Matt Carter has made one very clear vow - he wants to return to Hawke's Bay and enter the waters off Mahia Peninsula, as there is wreckage below that he wants to see for himself.

Mr Carter, who is in the second year of a three-year PhD in marine archaeology, visited the site last year for the making of the documentary Coast, which screens tonight on TV1, but the one thing he had looked forward to doing during his time there eluded him.

"It was just unfortunate timing," he said.

"Mahia is a beautiful place at most times of the year but we hit it at the wrong time and the weather cut up."


So his scuba diving equipment and determination to see the wreck of the SS Tasmania, which sunk off the peninsula in July 1897, had to be put to one side.

"It was pretty disappointing because I was definitely going to dive to it - but I'm keen to come back over and dive there some time in the future," he said from his Melbourne base where he is studying.

He was approached by the producers of the series and was keen to journey to the East Cape.

Mr Carter was especially keen to learn more about the SS Tasmania, which is still a popular diving site not far from shore and among the rocks which claimed it.

The ship, carrying about 70 passengers and cargo, with about 42 crew, had left Auckland and became caught in a violent squall as it was rounding the peninsula on the run into Napier.

It struck rocks and after taking on water the order to abandon ship was made. And while people got to the boats, two of them capsized as they approached the shore and 13 drowned.

What has long fascinated marine archaeologists like Mr Carter is the history involved - the people aboard and the cargoes carried, which in this case included several hundred thousand dollars worth of jewellery belonging to the Rothschild family.

Most of it was recovered over nine years by diving legend Kelly Tarlton and his team, but Mr Carter said there was still likely to be some bits and pieces left.

And in terms of knowing and locating all the ships wrecked around the New Zealand coastline we have a long way to go.

"There are a lot of shipwrecks waiting to be found," he said, adding there were something like 1500 ships recorded as going down before 1900 - and the whereabouts of only about 150 are known.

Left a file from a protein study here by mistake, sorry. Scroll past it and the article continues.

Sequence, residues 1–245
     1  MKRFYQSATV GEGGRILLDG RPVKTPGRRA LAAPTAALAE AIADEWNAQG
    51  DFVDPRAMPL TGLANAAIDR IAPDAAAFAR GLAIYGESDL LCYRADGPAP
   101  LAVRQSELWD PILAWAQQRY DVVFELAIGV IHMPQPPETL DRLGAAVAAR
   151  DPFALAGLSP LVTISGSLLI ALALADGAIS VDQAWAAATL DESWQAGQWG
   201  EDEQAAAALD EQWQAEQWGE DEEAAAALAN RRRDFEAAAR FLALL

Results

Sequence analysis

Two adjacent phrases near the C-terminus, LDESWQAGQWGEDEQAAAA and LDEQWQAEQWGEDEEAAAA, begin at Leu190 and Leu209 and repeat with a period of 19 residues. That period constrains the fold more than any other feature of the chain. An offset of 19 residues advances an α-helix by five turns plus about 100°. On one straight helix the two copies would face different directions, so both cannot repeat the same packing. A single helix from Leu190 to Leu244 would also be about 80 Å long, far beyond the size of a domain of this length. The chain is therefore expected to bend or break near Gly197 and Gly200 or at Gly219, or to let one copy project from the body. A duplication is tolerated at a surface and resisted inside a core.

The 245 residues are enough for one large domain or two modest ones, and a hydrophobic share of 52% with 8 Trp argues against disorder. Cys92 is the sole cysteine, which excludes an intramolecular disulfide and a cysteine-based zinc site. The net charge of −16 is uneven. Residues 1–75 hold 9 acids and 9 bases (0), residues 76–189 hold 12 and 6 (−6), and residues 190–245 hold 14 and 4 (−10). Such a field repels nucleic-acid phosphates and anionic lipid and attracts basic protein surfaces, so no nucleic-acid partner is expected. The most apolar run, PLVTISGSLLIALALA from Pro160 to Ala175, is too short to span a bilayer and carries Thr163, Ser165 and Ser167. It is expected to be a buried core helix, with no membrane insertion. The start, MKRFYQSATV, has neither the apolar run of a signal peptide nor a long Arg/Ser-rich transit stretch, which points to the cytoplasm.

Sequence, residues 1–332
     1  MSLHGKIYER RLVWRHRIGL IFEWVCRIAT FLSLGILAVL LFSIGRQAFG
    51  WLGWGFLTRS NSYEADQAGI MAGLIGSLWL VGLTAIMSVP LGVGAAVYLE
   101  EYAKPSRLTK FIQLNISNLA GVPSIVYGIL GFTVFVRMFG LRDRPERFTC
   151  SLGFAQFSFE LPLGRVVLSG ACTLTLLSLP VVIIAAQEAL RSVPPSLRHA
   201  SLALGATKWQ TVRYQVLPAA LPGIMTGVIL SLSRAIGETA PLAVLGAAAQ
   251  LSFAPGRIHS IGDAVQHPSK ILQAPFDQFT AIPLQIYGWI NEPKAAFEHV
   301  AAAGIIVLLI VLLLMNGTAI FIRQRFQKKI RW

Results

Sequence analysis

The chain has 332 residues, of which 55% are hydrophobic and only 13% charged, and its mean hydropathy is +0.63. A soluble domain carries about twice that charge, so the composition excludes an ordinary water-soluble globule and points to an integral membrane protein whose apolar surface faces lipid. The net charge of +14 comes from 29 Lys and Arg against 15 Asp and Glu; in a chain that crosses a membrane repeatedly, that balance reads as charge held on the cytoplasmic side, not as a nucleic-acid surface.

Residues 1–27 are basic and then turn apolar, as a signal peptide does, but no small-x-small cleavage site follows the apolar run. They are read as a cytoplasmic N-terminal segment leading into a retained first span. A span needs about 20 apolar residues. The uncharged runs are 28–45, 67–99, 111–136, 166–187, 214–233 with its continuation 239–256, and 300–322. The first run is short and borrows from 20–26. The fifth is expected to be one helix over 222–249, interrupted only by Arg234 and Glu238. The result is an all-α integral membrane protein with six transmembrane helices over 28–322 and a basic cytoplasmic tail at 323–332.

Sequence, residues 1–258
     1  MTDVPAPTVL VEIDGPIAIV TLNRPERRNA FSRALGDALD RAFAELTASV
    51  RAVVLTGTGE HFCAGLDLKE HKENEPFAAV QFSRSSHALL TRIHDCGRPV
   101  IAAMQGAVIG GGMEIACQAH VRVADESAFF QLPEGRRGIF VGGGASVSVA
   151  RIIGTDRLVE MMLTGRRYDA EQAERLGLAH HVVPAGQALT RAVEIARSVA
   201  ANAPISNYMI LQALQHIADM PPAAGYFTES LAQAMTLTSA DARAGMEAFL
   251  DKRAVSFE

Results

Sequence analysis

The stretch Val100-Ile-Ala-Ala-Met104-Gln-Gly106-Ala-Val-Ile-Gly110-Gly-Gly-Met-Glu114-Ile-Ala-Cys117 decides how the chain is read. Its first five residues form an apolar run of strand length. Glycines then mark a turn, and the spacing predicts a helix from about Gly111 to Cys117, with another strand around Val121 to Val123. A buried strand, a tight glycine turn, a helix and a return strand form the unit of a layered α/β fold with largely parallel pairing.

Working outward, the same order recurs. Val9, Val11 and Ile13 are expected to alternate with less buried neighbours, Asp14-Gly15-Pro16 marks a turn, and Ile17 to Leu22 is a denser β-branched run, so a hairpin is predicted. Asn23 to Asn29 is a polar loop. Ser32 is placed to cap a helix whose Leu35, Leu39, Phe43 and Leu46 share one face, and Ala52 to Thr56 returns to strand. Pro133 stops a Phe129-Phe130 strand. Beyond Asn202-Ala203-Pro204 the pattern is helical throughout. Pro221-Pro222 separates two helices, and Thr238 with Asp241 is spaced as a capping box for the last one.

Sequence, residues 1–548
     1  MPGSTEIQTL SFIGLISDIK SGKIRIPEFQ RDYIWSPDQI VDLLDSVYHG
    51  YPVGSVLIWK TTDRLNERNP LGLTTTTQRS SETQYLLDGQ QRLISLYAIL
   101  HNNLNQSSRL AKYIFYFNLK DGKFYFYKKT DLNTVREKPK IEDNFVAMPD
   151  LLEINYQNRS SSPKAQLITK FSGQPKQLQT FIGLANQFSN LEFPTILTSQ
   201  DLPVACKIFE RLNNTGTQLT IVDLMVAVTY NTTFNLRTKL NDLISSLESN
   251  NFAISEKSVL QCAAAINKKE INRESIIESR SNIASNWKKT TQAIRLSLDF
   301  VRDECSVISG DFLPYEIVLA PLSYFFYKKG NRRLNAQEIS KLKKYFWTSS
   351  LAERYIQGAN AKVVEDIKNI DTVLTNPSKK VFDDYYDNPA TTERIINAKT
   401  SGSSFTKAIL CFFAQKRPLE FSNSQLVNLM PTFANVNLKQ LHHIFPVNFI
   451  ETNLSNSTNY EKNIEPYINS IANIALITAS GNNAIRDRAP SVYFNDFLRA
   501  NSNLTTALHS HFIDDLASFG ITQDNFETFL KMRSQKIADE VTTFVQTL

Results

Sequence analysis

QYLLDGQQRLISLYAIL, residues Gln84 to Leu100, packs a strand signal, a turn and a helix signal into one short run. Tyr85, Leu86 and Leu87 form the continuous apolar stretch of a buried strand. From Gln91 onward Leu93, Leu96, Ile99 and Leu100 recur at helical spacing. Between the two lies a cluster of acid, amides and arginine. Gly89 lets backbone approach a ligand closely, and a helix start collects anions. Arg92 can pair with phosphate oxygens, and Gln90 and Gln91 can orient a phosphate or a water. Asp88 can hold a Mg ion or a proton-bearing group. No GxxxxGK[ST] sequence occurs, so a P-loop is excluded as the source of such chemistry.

"I can't wait to find one that no one has seen before."

Mr Carter said he was also intrigued at the story of the Montmorency, which burned and sank just off Hardinge Rd about 150 years ago.

He would likely call by and also check it out next time he visits the bay.

Born and raised in Southbridge southwest of Christchurch, and the cousin of former All Black Dan Carter, he has long had a love of the sea because his father was a keen scuba diver and that, accompanied by a love of history, saw him eye up a career in marine archaeology.

"I asked one of my lecturers at university who does marine archaeology in New Zealand and he said 'no one' - so I thought 'aha' - that's me."

However, there is no opportunity to pursue it fully in New Zealand at this time, due to funding requirements, so it is Australia for now but he hopes to one day get himself into a position where he can delve more deeply into New Zealand's maritime history.

"I want to get something off the ground and get that history out there through books and journals."

And in the case on television tonight as he walks the Mahia beachfront, and the sea he is determined to dive into "next time".

- Coast, TV1 at 8.30pm tonight - featuring the shipwreck of the SS Tasmania off Mahia Peninsula.